My Series of Author & Poet Interviews Narberth Book Fair #MondayBlogs. Today with Sally Spedding

Titleband for Narberth Book Fair

More interviews to come over the next few weeks of the authors and poets who will be taking part in our Book Fair:

There are forty of us so, obviously, there are many genres for both adults and children. There will be talks an writing and books, poetry readings, creative writing workshops for adults and fun workshops for children, activities for the children and a fun book trail through Narberth, the gorgeous little market town in Pembrokeshire.   

All free!!

And, of course, there will be the chance to chat with all the authors and to pick their brains on all aspects of writing. Even to buy their books and have them personally signed.

And, as usual, there will also be the writing competition: this year is a poetry competition: Submit a poem, in any form, of 20 lines or less, on the subject of : –

Books and Reading.

Having outgrown our previous venue we have been lucky to hire the Queens Hall: who have been very generous in their support of the event.

Although, five years ago,  I started organising the book fairs on my own I was soon joined by Alex Martin:  and Thorne Moore: Unfortunately Alex has moved on to pastures new  (although is still a great supporter), so Thorne and I have been joined by Elizabeth Sleight. Elizabeth is involved in the charity we are supporting through our raffle; The Harriet Davis Seaside Holiday Trust For Disabled Children: . 

Our next author is the lovely Sally Spedding.

Sally Spedding 001 (1)


Welcome, Sally, as usual with all our writers I’d like to ask you why do you write?

Because  I am impelled to.

 What do you love most about the writing process?

Honing the first draft.  Also, research.

 What book that you have read has most influenced your life?

 ‘Les Parisiennes. The lives and deaths of women in occupied Paris.’  By Anne  Sebba.  A remarkable and moving account.  Whenever I feel hard done by, I think of those brave women Resistance fighters, and others who risked their own lives by sheltering the hunted.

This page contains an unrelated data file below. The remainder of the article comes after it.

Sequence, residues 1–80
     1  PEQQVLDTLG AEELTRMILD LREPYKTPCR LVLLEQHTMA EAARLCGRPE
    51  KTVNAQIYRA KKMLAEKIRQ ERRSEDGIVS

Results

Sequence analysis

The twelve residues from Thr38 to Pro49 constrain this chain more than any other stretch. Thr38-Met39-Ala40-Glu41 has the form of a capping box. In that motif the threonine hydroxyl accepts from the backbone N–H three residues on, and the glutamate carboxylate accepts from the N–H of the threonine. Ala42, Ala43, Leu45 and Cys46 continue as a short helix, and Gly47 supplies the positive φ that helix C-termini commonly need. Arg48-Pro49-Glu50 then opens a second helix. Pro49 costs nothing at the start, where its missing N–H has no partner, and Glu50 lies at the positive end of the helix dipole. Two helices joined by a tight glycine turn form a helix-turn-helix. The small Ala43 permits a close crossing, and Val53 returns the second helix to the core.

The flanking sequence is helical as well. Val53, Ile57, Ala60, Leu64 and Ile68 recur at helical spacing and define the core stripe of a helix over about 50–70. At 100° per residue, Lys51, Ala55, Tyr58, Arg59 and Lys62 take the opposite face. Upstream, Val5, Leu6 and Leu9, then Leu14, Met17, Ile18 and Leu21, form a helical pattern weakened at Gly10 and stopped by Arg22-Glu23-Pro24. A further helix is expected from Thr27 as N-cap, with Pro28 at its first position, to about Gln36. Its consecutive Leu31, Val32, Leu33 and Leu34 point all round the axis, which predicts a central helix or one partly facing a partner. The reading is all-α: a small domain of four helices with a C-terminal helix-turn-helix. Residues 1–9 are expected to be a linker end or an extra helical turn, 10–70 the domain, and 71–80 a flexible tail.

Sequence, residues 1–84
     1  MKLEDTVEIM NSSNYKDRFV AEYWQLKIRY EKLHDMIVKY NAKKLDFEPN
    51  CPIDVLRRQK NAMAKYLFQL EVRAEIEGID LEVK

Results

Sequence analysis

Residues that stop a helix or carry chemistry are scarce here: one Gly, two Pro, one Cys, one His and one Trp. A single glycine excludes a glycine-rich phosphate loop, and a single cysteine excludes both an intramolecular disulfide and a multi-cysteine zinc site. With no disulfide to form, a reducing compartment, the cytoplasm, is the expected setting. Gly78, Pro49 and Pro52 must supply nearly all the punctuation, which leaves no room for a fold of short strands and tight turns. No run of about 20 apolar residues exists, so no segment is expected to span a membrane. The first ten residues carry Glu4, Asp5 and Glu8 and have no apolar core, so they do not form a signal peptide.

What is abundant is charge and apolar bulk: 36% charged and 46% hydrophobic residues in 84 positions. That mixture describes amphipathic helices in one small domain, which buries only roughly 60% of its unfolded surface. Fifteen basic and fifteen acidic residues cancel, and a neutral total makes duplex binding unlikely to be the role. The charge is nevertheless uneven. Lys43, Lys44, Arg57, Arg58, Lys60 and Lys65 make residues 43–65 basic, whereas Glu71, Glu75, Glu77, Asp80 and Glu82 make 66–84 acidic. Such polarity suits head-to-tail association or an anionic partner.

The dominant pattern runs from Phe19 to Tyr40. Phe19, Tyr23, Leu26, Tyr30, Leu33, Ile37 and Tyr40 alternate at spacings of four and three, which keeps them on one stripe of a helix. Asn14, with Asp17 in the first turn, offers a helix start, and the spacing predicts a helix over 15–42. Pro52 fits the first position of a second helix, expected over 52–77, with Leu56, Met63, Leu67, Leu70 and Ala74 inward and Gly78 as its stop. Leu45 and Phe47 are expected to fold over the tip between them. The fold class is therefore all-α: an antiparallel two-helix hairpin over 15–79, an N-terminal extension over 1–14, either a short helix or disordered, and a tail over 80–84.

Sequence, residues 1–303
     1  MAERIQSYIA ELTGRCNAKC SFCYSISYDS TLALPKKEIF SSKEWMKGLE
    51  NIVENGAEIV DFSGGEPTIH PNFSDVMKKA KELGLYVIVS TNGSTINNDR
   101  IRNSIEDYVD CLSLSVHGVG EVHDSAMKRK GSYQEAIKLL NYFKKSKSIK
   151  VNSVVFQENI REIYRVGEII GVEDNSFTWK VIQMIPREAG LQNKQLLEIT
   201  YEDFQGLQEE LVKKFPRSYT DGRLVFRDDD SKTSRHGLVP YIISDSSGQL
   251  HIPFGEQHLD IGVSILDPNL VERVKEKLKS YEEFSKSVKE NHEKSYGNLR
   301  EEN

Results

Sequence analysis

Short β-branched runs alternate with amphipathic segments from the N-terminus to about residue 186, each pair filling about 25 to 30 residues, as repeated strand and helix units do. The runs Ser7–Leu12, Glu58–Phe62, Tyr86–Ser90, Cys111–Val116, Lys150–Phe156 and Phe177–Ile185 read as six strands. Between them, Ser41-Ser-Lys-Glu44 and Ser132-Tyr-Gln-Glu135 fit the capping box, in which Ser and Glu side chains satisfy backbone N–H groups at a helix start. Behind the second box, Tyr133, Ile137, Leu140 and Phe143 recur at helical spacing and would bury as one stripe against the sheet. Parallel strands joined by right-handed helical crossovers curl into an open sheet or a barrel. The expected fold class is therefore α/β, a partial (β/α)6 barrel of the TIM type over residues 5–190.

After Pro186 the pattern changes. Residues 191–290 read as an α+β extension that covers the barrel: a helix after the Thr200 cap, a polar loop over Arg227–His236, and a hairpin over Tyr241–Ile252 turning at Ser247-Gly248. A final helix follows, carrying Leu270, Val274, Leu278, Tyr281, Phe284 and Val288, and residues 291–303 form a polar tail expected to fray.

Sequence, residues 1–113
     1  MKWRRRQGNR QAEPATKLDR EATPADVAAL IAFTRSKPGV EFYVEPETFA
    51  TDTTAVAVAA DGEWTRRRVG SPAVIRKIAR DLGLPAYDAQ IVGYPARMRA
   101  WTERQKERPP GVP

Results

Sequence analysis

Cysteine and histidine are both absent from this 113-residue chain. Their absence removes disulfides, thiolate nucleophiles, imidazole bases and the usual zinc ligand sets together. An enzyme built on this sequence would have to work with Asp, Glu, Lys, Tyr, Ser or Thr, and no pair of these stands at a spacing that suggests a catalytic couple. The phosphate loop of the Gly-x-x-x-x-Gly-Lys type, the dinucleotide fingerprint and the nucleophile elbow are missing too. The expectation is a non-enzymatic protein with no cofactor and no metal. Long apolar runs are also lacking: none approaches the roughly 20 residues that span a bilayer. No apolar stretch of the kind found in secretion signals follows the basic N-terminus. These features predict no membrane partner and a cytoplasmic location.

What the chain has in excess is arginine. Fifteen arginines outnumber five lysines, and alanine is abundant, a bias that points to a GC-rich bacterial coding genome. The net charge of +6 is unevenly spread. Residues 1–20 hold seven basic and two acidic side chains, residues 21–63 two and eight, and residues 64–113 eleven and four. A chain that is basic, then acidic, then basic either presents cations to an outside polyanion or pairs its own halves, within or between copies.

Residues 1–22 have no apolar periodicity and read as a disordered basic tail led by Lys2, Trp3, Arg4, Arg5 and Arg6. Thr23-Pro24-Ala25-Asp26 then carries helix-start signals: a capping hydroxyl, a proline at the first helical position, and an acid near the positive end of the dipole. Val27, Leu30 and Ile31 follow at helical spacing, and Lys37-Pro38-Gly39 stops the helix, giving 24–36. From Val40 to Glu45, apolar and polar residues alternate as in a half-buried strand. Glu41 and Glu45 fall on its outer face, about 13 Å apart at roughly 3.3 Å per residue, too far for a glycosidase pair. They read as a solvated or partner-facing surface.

If you could have been the author of any book ever written, which book would you choose?

Dante’s ‘The Divine Comedy.’

 How many books have you written? Which is your favourite?


 As Sally isn’t going to tell us her favourite I think we should have a look at one or two of her titles

Cold Remains by [Spedding, Sally]Come and be Killed (Martin Webb) by Sally Spedding (2006-12-08)Prey Silence by Sally Spedding (2006-07-31)ClovenWringland

What genre do you consider your books? Have you considered writing in another genre?

Crime chillers is the most convenient ‘box’ I can think of, although the whole ‘genre’ construct is artificial.  Life can’t be packaged in that way, can it?

 Could you tell us a bit about your most recent book and why it is a must-read?

The Yellowhammer's Cradle by [Spedding, Sally]

The Yellowhammer’s Cradle’ set in rural Argyll in 1850 explores fear and superstition during the upheavals of the Clearances.  Secrets and lies abound, and all the while, the bottomless Loch Nonach lurks nearby…

In three words, can you describe your latest book?

Darker than dark.

What was the inspiration behind ‘Cut to the Bone.’  (2015)

Cut To The Bone by [Spedding, Sally]


Living in a surreally gated estate in the Midlands, with deprived London ‘overspill’ just over the road.

How long did it take you to write?

Two years, then I had to trim off half of it for one publisher, and replace the missing bits for another. However, the good news is, it’s just been optioned for a film.

 Do you have any hidden or uncommon talents?

Often knowing where to look for ‘lost’ items. Sensing events before they happen.

 What would you say is your interesting writing quirk?

Drawing my characters’ faces in the margins. (The first draft is always in longhand) This brings them to life…

What do you like to do when you’re not writing?

Researching – often what’s kept hidden.  Also, studying racehorse breeding from the first three Arab stallions.  ‘A misplaced academicism,’ as my Mum once complained!

 What is the most amusing thing that has ever happened to you? Not particularly to do with your writing

As a youngster in the London Underground, I thought the man in front was my Dad, and promptly leapt on his back, kicking his sides, saying, ‘you’re Kilbarry, and I’m Major Weldon!’  (My three-day event heroes whom I’d seen competing at Glanusk Park, near Abergavenny) These days, I’d be had up for assault!

Give us a random fact about yourself.

A mongrel, like most of us.

Links to Sally:

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